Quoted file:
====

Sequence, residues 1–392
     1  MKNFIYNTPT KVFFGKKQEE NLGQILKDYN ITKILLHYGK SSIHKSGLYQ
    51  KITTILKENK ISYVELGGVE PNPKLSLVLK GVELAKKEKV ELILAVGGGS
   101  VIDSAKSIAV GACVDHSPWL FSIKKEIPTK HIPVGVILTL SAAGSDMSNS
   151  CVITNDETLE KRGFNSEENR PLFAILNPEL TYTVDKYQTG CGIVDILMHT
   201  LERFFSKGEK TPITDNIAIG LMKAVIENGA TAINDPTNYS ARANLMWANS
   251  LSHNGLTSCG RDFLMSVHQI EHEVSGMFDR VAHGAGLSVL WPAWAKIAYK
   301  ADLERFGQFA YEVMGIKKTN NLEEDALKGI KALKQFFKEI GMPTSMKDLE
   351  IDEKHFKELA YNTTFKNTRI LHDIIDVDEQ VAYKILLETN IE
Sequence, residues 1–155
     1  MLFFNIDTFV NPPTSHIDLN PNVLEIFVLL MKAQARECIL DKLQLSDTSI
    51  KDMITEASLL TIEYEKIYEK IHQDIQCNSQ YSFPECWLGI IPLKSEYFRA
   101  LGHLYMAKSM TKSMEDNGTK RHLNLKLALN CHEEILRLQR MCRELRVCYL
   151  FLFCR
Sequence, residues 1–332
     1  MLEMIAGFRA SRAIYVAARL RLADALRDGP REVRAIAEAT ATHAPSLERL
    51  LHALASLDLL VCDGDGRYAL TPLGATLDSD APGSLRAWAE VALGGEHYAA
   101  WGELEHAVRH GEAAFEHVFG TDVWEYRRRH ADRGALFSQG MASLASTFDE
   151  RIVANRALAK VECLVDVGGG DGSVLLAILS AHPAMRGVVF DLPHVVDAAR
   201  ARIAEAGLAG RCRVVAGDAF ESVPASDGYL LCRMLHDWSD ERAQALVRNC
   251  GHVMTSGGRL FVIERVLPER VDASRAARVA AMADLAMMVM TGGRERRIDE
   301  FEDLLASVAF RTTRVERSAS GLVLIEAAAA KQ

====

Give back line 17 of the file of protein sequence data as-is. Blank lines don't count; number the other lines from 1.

    51  LHALASLDLL VCDGDGRYAL TPLGATLDSD APGSLRAWAE VALGGEHYAA